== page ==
Transaction coordinators, huh! They go by many names!
Facilitators, professional organisers, fairy godmothers…whatever you want to call them, transaction coordinators exist to make your life easier.
As you know, real estate transactions are notoriously complex and it’s not uncommon to get buried in a heap of paperwork. It’s estimated that real estate agents spend an average of 13 hours managing the administrative tasks for each transaction.
But by hiring a transaction coordinator, you can remove the paperwork and other administrative duties off your plate. But what exactly is the job scope of a transaction coordinator? We’ll look into that later in this article. But first, a primer on how to become a TC.
Becoming a Transaction Coordinator (TC)
No specific college degree is required to become a real estate transaction coordinator.
However, it’s important to have a clerical or administrative background as most of your duties will revolve around the administrative side of things. And of course, you’ll also need a deep understanding of the flow of real estate transactions from origination to closure.
Most transaction coordinators have a background in real estate as licensed brokers or sellers. To start a real estate transaction coordinator business, you’ll need to acquire the right license. The license you need to operate a TC business depends on the state where you live and work, so it’s important you understand the real estate compliance in your jurisdiction.
The Job Scope of a Real Estate Transaction Coordinator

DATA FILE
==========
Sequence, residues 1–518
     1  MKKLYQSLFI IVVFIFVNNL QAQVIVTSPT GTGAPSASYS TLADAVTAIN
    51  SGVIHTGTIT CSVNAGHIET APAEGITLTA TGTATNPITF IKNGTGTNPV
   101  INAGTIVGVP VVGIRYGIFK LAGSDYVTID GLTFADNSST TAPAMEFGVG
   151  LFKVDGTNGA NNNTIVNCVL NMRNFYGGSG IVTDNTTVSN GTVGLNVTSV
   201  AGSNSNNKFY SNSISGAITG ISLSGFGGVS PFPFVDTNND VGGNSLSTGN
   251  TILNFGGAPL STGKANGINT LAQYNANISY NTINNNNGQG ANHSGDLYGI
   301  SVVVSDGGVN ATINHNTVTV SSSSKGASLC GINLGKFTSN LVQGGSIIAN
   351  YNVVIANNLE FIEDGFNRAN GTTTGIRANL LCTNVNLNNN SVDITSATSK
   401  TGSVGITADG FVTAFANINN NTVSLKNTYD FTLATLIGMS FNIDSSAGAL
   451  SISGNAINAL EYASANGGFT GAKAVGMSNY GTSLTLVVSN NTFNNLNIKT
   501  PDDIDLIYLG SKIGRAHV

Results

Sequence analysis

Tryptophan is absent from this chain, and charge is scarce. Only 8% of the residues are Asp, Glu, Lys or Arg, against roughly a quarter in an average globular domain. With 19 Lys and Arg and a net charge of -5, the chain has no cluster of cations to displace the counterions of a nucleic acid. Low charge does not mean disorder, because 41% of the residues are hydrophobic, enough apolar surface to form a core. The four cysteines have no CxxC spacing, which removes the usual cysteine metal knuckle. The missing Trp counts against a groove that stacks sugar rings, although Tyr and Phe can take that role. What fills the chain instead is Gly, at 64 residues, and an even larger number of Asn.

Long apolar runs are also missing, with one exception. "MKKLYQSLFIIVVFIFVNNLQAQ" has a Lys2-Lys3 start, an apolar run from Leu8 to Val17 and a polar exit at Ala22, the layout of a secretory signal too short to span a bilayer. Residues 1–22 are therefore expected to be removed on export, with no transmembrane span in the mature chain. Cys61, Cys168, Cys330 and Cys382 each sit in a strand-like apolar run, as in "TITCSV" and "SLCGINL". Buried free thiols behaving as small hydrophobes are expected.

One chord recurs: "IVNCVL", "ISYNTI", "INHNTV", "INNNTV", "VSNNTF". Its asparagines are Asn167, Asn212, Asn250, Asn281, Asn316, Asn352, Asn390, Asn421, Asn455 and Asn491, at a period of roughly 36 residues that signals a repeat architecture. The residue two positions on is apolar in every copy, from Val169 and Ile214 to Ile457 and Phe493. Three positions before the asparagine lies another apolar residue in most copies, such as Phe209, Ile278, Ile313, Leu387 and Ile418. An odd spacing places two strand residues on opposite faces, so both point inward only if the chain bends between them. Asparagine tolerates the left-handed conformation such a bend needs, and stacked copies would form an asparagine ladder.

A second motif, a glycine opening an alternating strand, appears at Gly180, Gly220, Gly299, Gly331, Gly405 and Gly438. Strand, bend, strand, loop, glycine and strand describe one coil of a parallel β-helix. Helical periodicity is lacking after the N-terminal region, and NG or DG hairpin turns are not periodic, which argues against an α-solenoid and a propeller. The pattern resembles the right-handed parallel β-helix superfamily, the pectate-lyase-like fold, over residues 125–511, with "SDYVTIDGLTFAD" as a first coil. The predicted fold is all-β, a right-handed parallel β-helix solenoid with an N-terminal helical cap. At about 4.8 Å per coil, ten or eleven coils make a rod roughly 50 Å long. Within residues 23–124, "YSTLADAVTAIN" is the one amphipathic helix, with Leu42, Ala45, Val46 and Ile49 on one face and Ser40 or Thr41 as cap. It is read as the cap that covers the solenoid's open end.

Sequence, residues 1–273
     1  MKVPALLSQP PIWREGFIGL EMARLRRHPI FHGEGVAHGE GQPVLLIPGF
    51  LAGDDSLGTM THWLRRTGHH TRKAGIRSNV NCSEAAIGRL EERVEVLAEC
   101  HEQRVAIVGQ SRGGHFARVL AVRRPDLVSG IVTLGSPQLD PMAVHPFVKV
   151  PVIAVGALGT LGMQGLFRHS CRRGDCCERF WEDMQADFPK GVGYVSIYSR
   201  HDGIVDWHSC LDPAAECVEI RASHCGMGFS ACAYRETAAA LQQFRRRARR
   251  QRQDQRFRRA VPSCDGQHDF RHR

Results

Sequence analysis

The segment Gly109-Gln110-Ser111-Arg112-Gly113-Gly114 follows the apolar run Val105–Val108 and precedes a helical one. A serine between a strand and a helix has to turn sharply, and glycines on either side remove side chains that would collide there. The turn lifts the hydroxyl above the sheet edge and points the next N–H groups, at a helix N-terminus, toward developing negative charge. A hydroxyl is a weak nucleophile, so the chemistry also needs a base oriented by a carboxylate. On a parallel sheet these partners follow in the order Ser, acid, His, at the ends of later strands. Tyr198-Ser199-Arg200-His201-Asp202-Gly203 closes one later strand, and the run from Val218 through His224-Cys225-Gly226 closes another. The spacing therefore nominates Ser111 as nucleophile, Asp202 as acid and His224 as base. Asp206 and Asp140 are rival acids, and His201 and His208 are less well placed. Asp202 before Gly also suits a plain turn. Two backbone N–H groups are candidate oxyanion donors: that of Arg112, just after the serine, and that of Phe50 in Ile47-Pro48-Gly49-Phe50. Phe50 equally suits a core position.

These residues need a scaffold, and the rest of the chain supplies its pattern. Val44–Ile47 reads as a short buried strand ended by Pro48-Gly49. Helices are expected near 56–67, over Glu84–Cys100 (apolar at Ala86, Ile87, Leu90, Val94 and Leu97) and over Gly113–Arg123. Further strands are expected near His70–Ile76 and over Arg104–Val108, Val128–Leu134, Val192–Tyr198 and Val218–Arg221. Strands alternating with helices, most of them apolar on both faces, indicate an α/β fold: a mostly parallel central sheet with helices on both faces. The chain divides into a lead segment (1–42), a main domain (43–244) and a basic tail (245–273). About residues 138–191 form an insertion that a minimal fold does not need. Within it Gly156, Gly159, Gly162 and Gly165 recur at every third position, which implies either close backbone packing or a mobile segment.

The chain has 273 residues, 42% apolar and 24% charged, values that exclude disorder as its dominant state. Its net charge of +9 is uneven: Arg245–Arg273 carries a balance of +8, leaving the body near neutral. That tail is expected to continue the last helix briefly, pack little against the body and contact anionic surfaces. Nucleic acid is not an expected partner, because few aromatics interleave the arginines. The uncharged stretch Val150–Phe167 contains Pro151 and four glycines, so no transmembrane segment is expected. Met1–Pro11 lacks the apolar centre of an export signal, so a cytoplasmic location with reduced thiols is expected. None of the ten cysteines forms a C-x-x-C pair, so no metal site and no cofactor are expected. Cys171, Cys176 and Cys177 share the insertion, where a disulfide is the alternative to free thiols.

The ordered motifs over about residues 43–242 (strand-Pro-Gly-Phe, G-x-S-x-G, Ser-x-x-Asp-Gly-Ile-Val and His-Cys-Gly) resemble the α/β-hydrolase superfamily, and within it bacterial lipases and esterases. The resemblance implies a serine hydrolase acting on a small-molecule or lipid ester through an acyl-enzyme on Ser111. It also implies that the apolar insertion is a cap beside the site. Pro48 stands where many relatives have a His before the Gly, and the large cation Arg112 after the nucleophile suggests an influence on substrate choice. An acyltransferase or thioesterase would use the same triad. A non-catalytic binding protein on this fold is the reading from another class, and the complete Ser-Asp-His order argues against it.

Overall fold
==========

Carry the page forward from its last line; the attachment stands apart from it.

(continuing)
The core of the TC’s duties is to assist real estate agents, brokers, and sellers in managing real estate transactions. Here’s what transaction coordinators do daily.
Act as the Main Contact
Transaction coordinators handle all communication between the various parties involved in a real estate transaction.
They act as a liaison between agents, clients, lenders, surveyors, insurance agents, appraisers, attorneys, title companies, home stagers, repairmen, and inspection companies during the process of a real estate sale.
Once a TC receives a signed purchase contract from the buyer, they will open escrow, then collect and deliver the earnest money for the buyer. They also obtain the name and escrow number and ensure it’s given to the relevant parties.
Most contracts are littered with contingencies and due dates. Transaction coordinators manage these deadlines by constantly sending out reminders to relevant parties concerning earnest money and contingency periods, then follow up if any of the deadlines are missed.
Transaction coordinators oversee transactions from start to closure. They schedule open houses, showings, home inspections, request for repairs after inspections, and schedule appointments with vendors. It’s their duty to ensure the right people get to the right place and at the right time.
Perform Administration Duties
Administration duties form the core of what transaction coordinators do. Your TC will send documents for e-signature, review the documents for compliance and completion, organize them into file, and reach out to parties who need to correct these documents.
Transaction coordinators are responsible for handling all the paperwork and managing all the relevant real estate transaction documents. These may include purchase agreements, seller disclosures, addenda, loan underwriter certificates, etc.
The Final Word
Anything that frees up your time as an agent/broker is good for your business. By hiring a transaction coordinator, you’ll have more time to do other productive tasks, such as prospecting for new leads, meeting up with clients, and building your network.
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